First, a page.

Bold buildings strike a hopeful note

Bold buildings strike a hopeful note

pathbreaking A rendering of Preston Scott Cohen’s Amir Building.

Preston Scott Cohen’s first major work, the Amir Building at the Tel Aviv Museum of Art, is scheduled to be complete by the end of the year.

The museum’s faceted surface is intended to express the strains inherent in the design, which required jamming big rectangular galleries onto a cramped triangular site. Halfway around the world Zaha Hadid’s opera house is scheduled to open in Guangzhou, China, in November. A matrix of flowing concrete forms, the building melts into its surroundings as if it were made of mercury.

And a three-hour flight away, in Beijing, the ribbon is finally scheduled to be cut on Rem Koolhaas’ colossal CCTV building – after years of delays that included a major fire – in time for the Chinese New Year in February. But it has already become one of the most potent symbols of a rising China, one whose message is more ambiguous, and nuanced, than it at first may seem. It may be the most important building of our young century.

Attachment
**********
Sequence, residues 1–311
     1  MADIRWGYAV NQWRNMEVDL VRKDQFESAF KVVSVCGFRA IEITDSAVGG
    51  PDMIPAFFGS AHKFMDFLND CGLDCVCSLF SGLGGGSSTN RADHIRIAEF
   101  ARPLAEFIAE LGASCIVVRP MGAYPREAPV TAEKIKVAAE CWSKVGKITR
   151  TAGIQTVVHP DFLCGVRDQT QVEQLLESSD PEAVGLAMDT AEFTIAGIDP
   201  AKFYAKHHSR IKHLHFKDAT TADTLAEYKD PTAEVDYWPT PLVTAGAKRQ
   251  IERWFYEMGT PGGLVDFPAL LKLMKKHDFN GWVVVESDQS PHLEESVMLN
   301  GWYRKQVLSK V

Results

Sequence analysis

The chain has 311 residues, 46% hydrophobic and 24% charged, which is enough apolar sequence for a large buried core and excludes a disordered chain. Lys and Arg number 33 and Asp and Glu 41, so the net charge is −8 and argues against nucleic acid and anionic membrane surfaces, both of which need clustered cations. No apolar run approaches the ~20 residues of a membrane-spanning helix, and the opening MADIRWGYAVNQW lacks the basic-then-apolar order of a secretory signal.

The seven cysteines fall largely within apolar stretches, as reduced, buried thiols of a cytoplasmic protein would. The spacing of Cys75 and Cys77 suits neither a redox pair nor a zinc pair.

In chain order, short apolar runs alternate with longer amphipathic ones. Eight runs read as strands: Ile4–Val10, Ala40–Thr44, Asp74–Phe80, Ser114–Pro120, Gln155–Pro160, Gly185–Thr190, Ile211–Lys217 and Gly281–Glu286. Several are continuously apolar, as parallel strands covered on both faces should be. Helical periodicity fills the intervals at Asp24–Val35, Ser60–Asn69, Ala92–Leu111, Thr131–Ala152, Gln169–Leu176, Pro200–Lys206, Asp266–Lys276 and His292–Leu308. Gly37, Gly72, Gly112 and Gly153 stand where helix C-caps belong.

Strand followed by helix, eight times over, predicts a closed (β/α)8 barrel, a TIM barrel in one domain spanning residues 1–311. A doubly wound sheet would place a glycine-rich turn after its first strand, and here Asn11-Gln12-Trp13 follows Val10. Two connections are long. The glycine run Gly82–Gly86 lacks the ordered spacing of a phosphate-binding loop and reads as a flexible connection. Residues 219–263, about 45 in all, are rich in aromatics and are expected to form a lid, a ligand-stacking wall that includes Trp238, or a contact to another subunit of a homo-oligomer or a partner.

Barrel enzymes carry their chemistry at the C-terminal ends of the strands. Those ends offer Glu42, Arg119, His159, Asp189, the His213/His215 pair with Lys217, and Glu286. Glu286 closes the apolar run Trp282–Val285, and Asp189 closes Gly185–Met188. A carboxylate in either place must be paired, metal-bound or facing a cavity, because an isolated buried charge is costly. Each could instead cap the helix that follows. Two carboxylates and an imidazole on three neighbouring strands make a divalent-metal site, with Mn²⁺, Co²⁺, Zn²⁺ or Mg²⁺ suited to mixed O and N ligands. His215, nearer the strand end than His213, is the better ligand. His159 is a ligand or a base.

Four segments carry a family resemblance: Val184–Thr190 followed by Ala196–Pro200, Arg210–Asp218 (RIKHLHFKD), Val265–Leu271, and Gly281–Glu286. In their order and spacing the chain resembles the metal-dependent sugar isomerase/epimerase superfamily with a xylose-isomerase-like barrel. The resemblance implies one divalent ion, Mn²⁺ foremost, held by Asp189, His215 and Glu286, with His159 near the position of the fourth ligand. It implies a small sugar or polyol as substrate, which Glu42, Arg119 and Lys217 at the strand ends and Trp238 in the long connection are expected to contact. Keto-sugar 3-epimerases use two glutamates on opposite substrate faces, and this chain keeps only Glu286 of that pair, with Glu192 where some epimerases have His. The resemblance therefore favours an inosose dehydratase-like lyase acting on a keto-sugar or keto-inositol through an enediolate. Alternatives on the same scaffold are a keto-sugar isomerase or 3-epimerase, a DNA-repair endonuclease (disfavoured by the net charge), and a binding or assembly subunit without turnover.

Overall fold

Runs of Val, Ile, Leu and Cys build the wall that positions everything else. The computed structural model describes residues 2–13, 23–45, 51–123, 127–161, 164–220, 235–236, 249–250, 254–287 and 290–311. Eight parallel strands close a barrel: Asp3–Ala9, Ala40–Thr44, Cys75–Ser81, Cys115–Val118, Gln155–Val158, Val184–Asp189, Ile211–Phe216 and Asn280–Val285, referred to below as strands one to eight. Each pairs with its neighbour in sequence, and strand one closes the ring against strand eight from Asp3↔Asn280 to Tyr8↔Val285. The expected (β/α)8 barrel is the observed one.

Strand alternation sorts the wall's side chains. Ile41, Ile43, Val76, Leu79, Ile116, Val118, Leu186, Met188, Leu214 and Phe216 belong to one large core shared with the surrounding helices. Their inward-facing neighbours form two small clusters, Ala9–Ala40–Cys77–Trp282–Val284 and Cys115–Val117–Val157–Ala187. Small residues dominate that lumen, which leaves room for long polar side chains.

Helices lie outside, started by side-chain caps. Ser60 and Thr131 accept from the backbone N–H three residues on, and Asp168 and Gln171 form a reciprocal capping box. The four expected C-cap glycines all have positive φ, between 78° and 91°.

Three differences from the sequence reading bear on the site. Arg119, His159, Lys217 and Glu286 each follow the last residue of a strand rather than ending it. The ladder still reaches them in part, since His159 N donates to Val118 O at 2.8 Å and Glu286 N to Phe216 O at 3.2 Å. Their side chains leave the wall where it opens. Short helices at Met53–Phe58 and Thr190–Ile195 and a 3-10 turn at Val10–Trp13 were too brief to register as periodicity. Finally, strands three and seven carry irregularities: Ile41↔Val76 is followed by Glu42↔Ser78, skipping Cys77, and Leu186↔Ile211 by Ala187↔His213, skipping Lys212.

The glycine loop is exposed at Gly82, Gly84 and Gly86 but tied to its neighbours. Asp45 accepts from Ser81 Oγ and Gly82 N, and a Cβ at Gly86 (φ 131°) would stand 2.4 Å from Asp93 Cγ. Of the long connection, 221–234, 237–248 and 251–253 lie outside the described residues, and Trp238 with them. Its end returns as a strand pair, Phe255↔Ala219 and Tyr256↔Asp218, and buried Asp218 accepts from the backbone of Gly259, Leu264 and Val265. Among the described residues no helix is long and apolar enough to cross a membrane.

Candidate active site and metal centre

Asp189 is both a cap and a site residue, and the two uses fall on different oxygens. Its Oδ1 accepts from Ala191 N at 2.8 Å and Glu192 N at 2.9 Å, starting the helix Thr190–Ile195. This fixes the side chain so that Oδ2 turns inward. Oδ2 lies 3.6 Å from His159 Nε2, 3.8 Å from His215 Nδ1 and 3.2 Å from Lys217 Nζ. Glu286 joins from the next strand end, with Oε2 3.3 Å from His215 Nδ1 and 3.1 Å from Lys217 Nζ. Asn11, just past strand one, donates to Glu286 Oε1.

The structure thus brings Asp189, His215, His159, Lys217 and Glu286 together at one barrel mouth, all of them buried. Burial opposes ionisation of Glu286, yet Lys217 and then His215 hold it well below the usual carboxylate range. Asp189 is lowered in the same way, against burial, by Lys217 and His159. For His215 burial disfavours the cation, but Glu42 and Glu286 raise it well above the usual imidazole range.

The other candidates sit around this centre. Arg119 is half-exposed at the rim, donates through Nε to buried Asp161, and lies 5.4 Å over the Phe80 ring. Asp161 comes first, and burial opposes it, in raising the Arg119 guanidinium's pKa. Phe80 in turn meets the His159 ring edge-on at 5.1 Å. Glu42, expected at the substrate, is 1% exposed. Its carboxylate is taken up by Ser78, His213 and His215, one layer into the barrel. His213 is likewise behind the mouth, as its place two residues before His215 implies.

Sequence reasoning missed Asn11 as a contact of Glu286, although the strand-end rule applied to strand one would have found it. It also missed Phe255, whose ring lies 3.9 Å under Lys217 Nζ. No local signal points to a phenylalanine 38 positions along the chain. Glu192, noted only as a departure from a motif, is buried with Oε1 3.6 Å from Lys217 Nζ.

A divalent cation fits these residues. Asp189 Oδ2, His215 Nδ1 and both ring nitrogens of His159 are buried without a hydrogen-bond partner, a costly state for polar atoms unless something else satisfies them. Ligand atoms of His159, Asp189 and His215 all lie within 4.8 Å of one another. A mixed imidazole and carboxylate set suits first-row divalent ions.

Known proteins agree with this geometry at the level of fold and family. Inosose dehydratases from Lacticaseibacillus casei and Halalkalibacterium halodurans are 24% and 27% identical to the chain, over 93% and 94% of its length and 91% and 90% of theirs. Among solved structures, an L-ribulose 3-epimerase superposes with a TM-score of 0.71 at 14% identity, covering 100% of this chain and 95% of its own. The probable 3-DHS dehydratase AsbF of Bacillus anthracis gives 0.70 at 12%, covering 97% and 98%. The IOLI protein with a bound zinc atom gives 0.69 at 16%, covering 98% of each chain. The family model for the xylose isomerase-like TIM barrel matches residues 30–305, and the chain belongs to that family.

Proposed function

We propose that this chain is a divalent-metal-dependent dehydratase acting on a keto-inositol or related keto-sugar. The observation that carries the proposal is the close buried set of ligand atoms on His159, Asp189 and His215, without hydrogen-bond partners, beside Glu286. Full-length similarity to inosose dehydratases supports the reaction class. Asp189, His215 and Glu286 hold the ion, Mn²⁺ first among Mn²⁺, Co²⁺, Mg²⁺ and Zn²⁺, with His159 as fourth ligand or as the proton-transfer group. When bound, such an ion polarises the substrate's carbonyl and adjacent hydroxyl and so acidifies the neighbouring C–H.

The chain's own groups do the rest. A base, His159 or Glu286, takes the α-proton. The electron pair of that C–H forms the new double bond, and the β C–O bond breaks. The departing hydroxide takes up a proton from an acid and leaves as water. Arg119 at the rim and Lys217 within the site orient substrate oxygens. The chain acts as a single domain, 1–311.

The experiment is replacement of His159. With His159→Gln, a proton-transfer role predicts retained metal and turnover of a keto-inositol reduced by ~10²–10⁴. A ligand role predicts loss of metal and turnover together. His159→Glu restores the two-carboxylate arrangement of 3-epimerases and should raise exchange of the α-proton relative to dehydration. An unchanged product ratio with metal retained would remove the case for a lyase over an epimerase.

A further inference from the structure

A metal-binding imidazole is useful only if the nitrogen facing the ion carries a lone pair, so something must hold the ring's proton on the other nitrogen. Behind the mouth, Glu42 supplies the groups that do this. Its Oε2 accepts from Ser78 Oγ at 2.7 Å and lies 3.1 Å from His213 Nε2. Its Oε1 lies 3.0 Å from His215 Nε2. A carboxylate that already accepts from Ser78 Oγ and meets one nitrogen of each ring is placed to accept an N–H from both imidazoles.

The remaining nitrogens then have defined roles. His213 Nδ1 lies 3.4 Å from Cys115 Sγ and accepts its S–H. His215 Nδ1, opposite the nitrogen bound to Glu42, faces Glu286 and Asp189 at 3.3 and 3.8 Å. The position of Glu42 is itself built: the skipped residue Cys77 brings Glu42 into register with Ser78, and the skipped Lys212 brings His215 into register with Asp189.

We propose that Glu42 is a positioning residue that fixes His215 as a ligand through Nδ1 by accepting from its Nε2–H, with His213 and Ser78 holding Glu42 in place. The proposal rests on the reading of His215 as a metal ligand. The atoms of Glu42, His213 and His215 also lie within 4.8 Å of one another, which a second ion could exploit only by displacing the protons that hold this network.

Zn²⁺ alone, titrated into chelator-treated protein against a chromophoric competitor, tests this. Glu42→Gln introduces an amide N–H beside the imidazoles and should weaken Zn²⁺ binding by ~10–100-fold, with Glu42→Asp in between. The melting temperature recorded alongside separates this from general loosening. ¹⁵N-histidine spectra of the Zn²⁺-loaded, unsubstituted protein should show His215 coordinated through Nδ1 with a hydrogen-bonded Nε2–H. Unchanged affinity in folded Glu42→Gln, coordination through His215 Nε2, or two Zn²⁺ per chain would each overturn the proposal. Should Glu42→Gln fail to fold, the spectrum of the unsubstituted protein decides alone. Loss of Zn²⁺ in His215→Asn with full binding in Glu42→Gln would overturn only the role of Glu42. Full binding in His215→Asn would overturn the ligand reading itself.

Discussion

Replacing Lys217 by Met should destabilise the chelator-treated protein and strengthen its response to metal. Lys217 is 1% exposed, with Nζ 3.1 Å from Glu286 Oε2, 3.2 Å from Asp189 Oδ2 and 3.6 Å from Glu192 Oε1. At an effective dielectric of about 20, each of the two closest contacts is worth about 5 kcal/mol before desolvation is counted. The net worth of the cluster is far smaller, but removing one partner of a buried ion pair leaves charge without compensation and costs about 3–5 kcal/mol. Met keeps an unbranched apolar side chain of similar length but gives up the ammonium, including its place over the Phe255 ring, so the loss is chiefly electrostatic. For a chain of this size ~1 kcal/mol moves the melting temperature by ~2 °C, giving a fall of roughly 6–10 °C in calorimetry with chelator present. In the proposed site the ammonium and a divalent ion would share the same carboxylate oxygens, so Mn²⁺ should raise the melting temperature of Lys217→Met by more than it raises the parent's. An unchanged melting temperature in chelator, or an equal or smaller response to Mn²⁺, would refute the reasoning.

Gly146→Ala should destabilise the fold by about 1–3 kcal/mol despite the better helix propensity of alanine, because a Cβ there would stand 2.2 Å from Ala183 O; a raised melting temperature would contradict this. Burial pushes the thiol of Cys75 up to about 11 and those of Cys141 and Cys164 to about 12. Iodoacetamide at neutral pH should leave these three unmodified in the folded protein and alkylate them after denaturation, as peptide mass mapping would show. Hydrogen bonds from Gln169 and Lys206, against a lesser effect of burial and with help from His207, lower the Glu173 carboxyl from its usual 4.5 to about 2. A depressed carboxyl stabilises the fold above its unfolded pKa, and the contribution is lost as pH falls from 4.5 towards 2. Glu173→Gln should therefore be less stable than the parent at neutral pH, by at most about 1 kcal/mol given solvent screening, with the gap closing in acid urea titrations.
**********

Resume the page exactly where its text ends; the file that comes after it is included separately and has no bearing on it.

What ends up being most striking about these projects, however, is not their aesthetic range but how oddly out of place the most euphoric of them feel in today’s world. The mood in architecture, especially American architecture, is generally down. The economy is still in a funk; there’s little new work.

Many architects who are at the top of the profession today – and who formed their ideals in response to the soulless functionalism of the postwar era – are now under attack themselves, mostly for focusing too much on aesthetic experimentation and not enough on the basic concerns of everyday life.

Meanwhile, two years after the financial meltdown, the big new government projects that architects once fantasised would result from stimulus spending – schools and bridges, public housing – have yet to materialise.

One promising sign that people are at least thinking about these issues is “Small Scale Big Change,” a show opening in October at the Museum of Modern Art. The exhibition looks at 11 architectural projects on five continents that have had a significant social influence on poor urban communities, despite their modest budgets.

A number of them – like the Museum of Struggle in South Africa by the architect Noero Wolff – offer thoughtful solutions to entrenched social problems within an aesthetically considered framework. But architecture, generally speaking, is in a slump worldwide, and no one knows for certain how or when it will emerge from its doldrums.

When it does, it is not likely to be in the United States, but in China, South America or the Middle East.

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